See also


  1. ^
  2. ^
  3. ^
  4. ^
  5. ^
  6. ^ a b
  7. ^

External links

  • Official website
  • History of Poser
  • Poser at DMOZ
This article was sourced from Creative Commons Attribution-ShareAlike License; additional terms may apply. World Heritage Encyclopedia content is assembled from numerous content providers, Open Access Publishing, and in compliance with The Fair Access to Science and Technology Research Act (FASTR), Wikimedia Foundation, Inc., Public Library of Science, The Encyclopedia of Life, Open Book Publishers (OBP), PubMed, U.S. National Library of Medicine, National Center for Biotechnology Information, U.S. National Library of Medicine, National Institutes of Health (NIH), U.S. Department of Health & Human Services, and, which sources content from all federal, state, local, tribal, and territorial government publication portals (.gov, .mil, .edu). Funding for and content contributors is made possible from the U.S. Congress, E-Government Act of 2002.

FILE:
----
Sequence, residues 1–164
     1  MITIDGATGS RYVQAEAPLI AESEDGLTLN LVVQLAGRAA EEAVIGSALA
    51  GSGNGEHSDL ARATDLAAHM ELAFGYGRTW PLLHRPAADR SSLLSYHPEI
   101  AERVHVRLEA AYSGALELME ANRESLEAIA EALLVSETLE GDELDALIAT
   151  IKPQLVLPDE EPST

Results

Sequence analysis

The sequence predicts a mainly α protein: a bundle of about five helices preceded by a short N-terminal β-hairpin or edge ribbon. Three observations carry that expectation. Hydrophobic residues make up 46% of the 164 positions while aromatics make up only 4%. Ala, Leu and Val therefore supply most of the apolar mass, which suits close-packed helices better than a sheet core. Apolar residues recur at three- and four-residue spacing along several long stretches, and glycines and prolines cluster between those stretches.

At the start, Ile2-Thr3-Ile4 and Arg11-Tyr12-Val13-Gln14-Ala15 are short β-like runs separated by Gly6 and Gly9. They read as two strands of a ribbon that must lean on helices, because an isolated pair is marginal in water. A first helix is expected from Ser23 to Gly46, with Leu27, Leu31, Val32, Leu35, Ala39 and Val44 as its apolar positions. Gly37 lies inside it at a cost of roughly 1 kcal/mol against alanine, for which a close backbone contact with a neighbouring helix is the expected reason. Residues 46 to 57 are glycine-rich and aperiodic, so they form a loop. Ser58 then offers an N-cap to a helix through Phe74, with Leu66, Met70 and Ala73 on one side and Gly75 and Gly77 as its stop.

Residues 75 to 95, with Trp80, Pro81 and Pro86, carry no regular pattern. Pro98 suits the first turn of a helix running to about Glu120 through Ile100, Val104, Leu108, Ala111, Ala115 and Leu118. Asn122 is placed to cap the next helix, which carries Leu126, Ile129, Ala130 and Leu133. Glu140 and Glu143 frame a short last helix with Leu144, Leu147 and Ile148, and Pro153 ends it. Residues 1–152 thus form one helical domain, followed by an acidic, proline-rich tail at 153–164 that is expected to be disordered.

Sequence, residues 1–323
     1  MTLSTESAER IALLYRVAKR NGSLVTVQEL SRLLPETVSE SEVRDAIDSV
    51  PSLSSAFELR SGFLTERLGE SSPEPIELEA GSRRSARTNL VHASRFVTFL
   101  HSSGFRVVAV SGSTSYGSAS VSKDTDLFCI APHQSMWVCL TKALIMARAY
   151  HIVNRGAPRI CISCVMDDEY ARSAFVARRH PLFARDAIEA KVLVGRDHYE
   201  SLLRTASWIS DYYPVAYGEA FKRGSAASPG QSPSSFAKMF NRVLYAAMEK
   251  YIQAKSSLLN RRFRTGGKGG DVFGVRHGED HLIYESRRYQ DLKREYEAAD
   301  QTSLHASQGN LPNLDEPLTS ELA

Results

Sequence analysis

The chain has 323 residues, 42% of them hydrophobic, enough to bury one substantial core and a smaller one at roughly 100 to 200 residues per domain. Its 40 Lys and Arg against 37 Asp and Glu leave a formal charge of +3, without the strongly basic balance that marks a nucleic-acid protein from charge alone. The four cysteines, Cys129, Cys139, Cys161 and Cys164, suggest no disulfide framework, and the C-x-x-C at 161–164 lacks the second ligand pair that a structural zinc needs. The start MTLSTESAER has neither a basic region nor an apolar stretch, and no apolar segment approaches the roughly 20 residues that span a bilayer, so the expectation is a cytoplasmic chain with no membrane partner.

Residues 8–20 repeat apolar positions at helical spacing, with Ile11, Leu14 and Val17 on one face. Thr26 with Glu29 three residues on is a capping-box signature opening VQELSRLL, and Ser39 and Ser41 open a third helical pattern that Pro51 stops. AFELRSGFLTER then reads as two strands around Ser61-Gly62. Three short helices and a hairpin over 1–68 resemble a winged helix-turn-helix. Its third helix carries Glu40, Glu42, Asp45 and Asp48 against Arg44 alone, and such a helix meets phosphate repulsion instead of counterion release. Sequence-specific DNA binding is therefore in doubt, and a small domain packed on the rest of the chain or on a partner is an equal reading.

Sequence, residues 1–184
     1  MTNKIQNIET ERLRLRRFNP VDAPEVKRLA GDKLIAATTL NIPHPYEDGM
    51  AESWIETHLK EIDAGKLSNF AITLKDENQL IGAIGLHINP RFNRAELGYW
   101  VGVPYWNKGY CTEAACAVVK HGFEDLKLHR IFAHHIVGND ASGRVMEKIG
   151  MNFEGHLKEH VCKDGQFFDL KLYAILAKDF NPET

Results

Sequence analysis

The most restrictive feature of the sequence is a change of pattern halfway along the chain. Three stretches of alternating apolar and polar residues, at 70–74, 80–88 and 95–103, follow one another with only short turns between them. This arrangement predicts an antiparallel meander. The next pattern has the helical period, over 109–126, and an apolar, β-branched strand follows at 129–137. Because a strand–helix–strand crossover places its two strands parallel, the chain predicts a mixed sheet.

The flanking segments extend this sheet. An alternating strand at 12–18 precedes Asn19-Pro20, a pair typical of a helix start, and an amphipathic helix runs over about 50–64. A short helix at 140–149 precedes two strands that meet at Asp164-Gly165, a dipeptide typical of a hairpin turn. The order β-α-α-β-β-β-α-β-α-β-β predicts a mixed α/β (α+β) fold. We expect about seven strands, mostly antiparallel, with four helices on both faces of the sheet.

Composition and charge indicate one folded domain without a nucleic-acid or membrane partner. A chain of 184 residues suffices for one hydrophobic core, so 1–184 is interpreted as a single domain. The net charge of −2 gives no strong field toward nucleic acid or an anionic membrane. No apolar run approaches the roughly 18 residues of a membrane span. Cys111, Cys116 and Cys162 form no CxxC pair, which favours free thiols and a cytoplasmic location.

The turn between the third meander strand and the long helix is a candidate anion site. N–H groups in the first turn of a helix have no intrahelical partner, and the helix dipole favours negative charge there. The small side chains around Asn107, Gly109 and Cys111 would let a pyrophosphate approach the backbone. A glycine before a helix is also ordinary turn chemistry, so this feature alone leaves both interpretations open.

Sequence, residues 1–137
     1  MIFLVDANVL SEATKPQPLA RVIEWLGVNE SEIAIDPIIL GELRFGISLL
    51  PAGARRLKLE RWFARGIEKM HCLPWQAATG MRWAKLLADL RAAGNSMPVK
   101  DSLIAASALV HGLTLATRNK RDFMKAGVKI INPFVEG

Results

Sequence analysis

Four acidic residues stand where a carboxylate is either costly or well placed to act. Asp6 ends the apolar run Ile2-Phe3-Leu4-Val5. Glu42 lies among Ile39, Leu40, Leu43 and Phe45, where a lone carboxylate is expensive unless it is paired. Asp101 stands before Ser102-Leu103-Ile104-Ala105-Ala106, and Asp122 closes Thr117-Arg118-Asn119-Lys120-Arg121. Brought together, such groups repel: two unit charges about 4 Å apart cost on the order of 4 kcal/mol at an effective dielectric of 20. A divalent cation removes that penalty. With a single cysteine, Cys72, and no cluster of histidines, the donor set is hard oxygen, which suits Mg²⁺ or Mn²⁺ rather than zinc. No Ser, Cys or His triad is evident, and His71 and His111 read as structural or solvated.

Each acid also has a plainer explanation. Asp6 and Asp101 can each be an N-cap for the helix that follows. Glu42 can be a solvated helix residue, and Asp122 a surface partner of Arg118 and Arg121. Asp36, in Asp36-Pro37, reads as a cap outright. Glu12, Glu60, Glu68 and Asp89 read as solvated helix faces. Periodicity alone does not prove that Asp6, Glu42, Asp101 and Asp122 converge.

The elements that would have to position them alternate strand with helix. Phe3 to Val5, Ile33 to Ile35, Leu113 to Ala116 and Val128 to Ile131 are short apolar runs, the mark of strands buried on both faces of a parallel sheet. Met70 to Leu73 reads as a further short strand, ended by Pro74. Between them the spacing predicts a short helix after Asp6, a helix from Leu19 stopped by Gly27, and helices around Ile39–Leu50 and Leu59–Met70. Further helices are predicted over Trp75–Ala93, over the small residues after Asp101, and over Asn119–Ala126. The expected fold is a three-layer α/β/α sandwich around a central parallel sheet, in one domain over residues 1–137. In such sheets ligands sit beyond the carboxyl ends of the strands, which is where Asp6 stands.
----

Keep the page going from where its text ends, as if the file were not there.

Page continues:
Crowd sourced content that is contributed to World Heritage Encyclopedia is peer reviewed and edited by our editorial staff to ensure quality scholarly research articles.
By using this site, you agree to the Terms of Use and Privacy Policy. World Heritage Encyclopedia™ is a registered trademark of the World Public Library Association, a non-profit organization.

Copyright © World Library Foundation. All rights reserved. eBooks from World eBook Library are sponsored by the World Library Foundation,
a 501c(4) Member's Support Non-Profit Organization, and is NOT affiliated with any governmental agency or department.